USA v. Juan Rodriguez, No. 16-50021 (5th Cir. 2016)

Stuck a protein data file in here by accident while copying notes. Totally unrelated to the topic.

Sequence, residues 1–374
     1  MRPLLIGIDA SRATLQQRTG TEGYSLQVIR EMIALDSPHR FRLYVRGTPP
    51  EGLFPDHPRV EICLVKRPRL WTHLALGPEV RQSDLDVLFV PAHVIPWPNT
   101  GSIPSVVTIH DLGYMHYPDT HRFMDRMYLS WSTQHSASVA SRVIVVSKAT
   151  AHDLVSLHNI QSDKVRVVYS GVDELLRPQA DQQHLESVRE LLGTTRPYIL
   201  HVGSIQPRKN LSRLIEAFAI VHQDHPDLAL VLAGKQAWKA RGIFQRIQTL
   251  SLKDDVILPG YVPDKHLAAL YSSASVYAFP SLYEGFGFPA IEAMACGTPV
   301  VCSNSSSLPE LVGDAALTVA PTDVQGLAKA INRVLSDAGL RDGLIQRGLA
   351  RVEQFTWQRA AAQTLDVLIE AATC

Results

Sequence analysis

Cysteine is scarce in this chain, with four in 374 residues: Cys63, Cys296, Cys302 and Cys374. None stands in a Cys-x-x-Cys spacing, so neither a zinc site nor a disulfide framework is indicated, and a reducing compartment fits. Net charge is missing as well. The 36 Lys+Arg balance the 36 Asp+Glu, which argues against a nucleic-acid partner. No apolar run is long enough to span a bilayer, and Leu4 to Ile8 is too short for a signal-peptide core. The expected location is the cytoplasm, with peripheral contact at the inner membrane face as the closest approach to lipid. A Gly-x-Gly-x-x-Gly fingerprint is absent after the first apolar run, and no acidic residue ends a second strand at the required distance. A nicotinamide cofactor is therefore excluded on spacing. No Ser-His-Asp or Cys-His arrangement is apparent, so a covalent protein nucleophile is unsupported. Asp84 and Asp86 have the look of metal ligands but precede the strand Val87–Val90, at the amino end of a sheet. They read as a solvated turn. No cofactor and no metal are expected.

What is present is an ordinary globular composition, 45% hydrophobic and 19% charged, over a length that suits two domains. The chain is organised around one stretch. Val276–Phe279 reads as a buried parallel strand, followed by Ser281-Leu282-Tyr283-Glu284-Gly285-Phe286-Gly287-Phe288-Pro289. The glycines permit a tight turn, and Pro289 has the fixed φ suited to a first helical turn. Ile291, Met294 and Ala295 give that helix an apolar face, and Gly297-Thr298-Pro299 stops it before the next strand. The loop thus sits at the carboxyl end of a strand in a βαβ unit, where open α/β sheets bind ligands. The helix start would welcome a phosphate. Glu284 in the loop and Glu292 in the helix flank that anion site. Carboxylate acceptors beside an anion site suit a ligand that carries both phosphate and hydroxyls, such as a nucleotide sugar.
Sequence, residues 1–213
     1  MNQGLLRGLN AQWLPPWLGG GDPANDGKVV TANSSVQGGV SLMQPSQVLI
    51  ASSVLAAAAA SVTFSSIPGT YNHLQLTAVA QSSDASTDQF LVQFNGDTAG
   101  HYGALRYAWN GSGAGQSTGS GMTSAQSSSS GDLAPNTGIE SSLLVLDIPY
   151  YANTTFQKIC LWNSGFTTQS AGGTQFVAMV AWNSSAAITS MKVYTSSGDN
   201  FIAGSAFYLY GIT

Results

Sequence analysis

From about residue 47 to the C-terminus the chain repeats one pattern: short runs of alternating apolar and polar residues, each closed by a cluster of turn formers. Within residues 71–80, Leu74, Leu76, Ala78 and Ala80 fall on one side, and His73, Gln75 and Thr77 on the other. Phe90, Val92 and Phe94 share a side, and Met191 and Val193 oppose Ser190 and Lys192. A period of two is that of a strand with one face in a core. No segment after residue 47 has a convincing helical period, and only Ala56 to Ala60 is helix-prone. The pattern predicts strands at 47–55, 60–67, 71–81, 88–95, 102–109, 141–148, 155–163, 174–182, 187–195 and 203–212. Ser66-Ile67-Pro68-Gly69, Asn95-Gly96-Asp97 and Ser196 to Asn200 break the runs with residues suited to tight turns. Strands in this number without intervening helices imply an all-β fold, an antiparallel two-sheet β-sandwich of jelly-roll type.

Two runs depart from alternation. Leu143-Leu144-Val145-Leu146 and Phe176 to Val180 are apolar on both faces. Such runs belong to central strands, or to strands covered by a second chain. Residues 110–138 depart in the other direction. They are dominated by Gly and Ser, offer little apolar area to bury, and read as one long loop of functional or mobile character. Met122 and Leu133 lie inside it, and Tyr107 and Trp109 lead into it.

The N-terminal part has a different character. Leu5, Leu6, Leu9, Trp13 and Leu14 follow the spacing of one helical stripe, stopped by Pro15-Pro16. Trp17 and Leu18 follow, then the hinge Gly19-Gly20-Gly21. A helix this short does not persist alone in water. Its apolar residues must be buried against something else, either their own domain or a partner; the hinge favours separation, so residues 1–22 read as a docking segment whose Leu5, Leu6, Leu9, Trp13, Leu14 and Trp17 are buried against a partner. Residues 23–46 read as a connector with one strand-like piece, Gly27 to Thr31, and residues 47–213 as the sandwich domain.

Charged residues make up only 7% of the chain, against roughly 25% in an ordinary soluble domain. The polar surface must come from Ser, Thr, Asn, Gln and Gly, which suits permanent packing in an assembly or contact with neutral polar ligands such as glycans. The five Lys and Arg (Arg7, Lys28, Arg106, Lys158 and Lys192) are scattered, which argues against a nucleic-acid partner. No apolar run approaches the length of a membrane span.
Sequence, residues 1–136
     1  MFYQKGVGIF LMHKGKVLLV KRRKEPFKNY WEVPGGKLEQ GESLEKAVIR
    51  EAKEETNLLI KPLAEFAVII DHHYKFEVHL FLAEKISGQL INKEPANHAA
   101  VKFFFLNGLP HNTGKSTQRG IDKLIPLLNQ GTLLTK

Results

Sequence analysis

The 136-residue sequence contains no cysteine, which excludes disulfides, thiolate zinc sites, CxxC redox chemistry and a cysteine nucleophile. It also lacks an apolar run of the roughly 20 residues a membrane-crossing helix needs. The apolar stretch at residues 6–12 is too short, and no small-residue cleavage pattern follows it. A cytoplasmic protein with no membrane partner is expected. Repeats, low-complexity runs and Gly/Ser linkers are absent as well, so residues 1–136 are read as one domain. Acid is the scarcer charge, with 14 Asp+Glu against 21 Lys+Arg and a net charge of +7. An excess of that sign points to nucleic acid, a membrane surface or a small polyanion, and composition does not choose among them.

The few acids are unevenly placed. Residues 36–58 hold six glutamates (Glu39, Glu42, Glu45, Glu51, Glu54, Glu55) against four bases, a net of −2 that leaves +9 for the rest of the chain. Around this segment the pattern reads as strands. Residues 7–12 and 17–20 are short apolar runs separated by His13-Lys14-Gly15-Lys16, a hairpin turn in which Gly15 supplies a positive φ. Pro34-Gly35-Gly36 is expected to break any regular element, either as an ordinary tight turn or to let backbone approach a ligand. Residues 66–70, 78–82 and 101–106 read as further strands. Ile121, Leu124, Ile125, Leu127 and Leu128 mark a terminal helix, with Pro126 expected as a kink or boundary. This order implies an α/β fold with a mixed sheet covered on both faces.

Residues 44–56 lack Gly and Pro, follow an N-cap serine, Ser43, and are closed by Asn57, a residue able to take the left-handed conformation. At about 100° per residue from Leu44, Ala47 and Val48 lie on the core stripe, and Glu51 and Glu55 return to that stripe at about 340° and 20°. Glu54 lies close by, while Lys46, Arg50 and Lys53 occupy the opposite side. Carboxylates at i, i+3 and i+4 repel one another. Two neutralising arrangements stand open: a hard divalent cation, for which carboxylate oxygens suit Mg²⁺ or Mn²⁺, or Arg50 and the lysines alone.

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Case: 16-50021 Document: 00513815702 Page: 1 Date Filed: 12/29/2016 IN THE UNITED STATES COURT OF APPEALS FOR THE FIFTH CIRCUIT No. 16-50021 Summary Calendar United States Court of Appeals Fifth Circuit FILED December 29, 2016 UNITED STATES OF AMERICA, Plaintiff-Appellee Lyle W. Cayce Clerk v. JUAN PAUL RODRIGUEZ, also known as Juan Pablo-Rodriguez, also known as Juan Pablo Rodriguez, also known as John Paul Rodriguez, also known as John P. Rodriguez, also known as Juan P. Rodriguez, also known as Juan Rodriguez, also known as Juan Rodriguez-Pablo, Defendant-Appellant Appeal from the United States District Court for the Western District of Texas USDC No. 5:14-CR-632-1 Before KING, DENNIS, and COSTA, Circuit Judges. PER CURIAM: * Following a bench trial, Juan Paul Rodriguez was convicted of having been unlawfully present in the United States after removal, and he was sentenced to 46 months of imprisonment. On appeal, Rodriguez, who was arrested following an immigration inspection stop, claims that the evidence Pursuant to 5TH CIR. R. 47.5, the court has determined that this opinion should not be published and is not precedent except under the limited circumstances set forth in 5TH CIR. R. 47.5.4. * Case: 16-50021 Document: 00513815702 Page: 2 Date Filed: 12/29/2016 No. 16-50021 obtained by Border Patrol agents—including his verbal statements, his fingerprints, and his A-file—should have been suppressed as fruits of an illegal seizure. Accordingly, he contends that the district court erred in denying his pretrial motion to suppress. As Rodriguez concedes, even assuming that the immigration stop was illegal, his argument that the district court should have suppressed his identity evidence is foreclosed. See United States v. Hernandez-Mandujano, 721 F.3d 345, 348, 351 (5th Cir. 2013); United States v. Roque-Villanueva, 175 F.3d 345, 346 (5th Cir. 1999). Rodriguez asks this court to adopt precedent that recognizes the suppression of an alien’s identity evidence when it is discovered after an illegal detention. However, we may not overrule a prior decision of another panel in the absence of an intervening contrary or superseding decision by this court sitting en banc or by the Supreme Court. United States v. Traxler, 764 F.3d 486, 489 (5th Cir. 2014). AFFIRMED. 2